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Archive for October 11th, 2011

How was Israel created?

To better understand the Palestinian bid for membership in the United Nations, it is important to understand the original 1947 U.N. action on Israel-Palestine.

The common representation of Israel’s birth is that the U.N. created Israel, that the world was in favor of this move, and that the U.S. governmental establishment supported it. All these assumptions are demonstrably incorrect.

In reality, while the U.N. General Assembly recommended the creation of a Jewish state in part of Palestine, that recommendation was non-binding and never implemented by the Security Council.

(…)

the General Assembly passed that recommendation only after Israel proponents threatened and bribed numerous countries in order to gain a required two-thirds of votes.

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The passage of the General Assembly recommendation sparked increased violence in the region. Over the following months the armed wing of the pro-Israel movement, which had long been preparing for war, perpetrated a series of massacres and expulsions throughout Palestine, implementing a plan to clear the way for a majority-Jewish state.

It was this armed aggression, and the ethnic cleansing of at least three-quarters of a million indigenous Palestinians, that created the Jewish state on land that had been 95 percent non-Jewish prior to Zionist immigration and that even after years of immigration remained 70 percent non-Jewish. And despite the shallow patina of legality its partisans extracted from the General Assembly, Israel was born over the opposition of American experts and of governments around the world, who opposed it on both pragmatic and moral grounds.

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Free the Cuban five!
The first of the five Cuban antiterrorist fighters in US soil was released from the Florida prison at 4:30 am where he spent 13 years while being unjustly sanctioned. However, Rene is to remain in that country during three years under the supervised freedom regimen. Gonzalez walked out of prison at 4:30 am this Friday and was welcomed by his daughters Irma and Ivette, his brother Roberto, his father Candido and his lawyer Philip Horowitz, reported Telesur. […]

The Cuban Five are five men who came to the United States in the early 1990s in response to the wave of violence directed at Cuba by mercenary groups from the Cuban exile community in southern Florida. Their names are Gerardo Hernández, Antonio Guerrero, Ramón Labañino, Fernando Gonzáles and René González.

The Five were sent by the Cuban government unarmed and without any plan to inflict harm on the U.S. Their sole purpose was to infiltrate the network of terrorist groups that had been attacking Cuba since the triumph of the Revolution.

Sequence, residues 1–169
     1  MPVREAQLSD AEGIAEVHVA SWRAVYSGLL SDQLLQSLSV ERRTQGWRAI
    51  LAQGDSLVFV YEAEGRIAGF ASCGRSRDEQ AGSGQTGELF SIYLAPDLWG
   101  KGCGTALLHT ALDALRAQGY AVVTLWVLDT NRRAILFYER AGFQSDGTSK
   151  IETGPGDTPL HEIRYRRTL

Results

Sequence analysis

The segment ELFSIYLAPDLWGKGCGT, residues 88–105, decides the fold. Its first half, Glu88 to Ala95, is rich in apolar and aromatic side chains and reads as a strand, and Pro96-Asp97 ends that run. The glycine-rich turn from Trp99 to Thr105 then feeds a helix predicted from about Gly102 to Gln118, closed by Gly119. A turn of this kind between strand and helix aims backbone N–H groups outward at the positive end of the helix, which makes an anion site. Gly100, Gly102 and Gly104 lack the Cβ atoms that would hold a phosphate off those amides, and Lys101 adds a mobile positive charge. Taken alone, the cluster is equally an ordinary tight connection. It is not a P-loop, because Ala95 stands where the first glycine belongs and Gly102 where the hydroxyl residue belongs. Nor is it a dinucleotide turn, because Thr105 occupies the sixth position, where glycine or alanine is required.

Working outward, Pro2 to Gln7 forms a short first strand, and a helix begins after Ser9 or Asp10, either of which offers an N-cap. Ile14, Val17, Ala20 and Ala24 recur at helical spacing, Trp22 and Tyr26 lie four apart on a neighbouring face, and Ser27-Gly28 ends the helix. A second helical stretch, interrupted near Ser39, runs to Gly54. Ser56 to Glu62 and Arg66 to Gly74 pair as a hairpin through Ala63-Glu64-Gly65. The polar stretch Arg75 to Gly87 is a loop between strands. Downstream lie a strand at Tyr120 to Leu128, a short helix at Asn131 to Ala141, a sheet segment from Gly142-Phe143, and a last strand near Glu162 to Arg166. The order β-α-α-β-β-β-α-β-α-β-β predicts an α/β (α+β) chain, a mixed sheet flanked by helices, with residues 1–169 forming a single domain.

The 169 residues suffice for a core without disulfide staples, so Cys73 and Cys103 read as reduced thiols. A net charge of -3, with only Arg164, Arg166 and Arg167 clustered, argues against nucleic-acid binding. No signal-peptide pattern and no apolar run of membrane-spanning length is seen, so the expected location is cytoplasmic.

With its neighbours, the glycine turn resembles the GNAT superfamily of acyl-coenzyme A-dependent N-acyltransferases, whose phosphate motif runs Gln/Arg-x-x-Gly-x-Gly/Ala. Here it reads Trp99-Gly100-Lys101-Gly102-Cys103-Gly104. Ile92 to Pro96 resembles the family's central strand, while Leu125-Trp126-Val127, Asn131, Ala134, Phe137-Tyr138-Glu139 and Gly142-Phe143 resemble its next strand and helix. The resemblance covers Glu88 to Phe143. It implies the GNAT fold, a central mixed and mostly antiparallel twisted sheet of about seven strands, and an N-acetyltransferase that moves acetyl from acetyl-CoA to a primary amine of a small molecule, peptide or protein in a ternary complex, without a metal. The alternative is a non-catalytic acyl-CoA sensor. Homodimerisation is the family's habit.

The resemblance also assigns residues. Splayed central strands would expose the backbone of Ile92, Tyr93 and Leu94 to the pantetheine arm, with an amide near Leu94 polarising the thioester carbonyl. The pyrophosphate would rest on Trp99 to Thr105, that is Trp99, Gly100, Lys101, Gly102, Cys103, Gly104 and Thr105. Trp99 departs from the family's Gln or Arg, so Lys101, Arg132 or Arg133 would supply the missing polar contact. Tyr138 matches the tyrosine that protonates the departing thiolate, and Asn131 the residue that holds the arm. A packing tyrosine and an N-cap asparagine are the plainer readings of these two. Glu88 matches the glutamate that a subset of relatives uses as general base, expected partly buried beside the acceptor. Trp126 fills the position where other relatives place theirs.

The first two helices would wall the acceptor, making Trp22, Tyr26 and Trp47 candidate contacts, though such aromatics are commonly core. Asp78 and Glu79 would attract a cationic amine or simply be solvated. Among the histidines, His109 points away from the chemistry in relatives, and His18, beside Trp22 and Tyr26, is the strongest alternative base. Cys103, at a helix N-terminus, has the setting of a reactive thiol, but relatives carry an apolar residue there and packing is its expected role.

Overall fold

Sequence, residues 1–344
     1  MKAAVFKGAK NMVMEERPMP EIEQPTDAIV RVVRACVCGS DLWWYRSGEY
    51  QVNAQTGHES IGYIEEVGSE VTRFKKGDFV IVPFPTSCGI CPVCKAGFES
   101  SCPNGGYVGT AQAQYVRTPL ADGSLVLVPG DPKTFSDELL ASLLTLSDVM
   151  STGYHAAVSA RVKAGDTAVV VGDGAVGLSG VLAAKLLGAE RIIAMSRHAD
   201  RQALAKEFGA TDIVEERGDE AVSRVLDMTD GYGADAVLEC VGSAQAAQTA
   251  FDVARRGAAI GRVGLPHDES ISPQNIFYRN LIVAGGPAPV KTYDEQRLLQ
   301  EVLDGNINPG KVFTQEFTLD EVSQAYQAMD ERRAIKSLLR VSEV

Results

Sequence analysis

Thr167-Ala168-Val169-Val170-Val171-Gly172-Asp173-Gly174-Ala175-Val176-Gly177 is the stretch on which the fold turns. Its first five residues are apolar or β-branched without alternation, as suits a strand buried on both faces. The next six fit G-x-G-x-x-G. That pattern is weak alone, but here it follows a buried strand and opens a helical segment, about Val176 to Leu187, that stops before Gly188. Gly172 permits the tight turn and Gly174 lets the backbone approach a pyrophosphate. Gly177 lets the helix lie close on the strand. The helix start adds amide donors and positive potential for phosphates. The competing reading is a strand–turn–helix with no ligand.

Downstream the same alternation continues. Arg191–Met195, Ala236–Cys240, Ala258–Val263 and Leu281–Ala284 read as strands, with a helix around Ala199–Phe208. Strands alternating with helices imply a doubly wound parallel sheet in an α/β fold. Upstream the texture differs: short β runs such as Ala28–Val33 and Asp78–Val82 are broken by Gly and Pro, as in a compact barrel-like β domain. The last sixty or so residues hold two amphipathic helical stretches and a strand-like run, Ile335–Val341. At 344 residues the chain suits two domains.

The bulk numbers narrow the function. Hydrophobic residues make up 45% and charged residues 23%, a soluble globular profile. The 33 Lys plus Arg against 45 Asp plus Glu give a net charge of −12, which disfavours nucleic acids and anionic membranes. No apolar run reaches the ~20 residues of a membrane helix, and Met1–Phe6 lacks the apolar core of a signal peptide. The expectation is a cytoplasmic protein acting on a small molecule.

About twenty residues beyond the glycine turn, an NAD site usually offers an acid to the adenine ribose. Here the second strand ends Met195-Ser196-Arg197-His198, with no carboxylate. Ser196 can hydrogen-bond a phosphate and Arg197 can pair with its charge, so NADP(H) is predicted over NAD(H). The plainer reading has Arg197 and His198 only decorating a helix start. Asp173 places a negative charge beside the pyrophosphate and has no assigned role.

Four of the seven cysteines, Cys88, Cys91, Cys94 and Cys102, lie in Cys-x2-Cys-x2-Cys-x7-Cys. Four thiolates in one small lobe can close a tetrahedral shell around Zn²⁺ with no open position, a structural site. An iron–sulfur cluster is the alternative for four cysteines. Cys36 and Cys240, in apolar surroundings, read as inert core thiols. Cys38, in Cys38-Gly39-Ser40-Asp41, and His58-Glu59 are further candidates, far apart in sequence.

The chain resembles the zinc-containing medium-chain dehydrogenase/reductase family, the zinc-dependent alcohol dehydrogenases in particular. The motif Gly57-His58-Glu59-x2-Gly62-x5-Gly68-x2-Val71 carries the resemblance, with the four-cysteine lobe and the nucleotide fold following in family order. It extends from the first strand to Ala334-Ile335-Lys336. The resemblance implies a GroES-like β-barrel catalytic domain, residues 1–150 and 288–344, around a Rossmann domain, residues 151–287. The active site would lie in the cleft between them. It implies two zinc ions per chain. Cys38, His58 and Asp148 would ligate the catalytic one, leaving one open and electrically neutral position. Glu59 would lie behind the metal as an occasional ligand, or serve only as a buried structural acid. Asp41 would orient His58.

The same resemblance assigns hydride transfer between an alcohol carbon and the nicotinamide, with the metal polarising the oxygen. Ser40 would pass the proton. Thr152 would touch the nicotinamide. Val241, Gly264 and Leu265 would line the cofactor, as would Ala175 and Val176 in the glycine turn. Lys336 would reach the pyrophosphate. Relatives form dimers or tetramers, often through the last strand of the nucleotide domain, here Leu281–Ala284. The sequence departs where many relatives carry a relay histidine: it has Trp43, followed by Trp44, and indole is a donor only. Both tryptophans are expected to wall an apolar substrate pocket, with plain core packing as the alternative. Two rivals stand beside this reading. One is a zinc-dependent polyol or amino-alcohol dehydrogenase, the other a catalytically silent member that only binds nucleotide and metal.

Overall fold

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Defensive GE CEO (and Obama-Appointed Jobs Czar) Can’t Understand why OWS Protesters Aren’t “Rooting” for Him

This is rich: Jeffrey Immelt, who not only serves as the US “Jobs Czar” but also as the CEO of GE, can’t understand why the protesters at Occupy Wall Street aren’t exalting him instead of scorning him. Answer: um, maybe because the Jobs Czar shipped all the jobs overseas? […]

“I want you to root for me,” Immelt said. “Everybody in Japan roots for Toshiba. Everybody in China roots for China South Rail. I want you to say, ‘Win, G.E.’”

Not only has G.E. shipped thousands of U.S. jobs overseas, the company also reportedly paid no taxes in 2010. Protesters at Occupy Wall Street and across the country are calling for corporations to be taxed at least at the same rate as individuals.

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Why do we continue to fight for our oppressors and against our own interests?

So, what we found was that the casualties there are—of course, they’re young, but they are mostly with a high school education. They don’t have more than a high school education. And they are overwhelmingly white. They’re not disproportionately black and Hispanic, which a lot of people think. They’re disproportionately white. […]

They come from communities that are solidly working-class communities, that are—whose incomes in the communities are a little bit less than the median, so maybe $40,000. Forty-five thousand dollars a year is the median income in these counties. So, we look at the jobs, the occupations that the soldiers and sailors had, and also their parents, where we have that information. In the United States, about 62 percent of the population are in the working class. But of the casualties, it’s 78 percent who are working-class people. And their mothers, it’s about 75 percent, and the fathers, 73 percent, working class. So, we’re really talking about a fighting force and a dying force that’s overwhelmingly working class, much more so than the country as a whole. […]

But what’s really striking is that whites are way disproportionately represented in the casualties, and blacks and Hispanics underrepresented.

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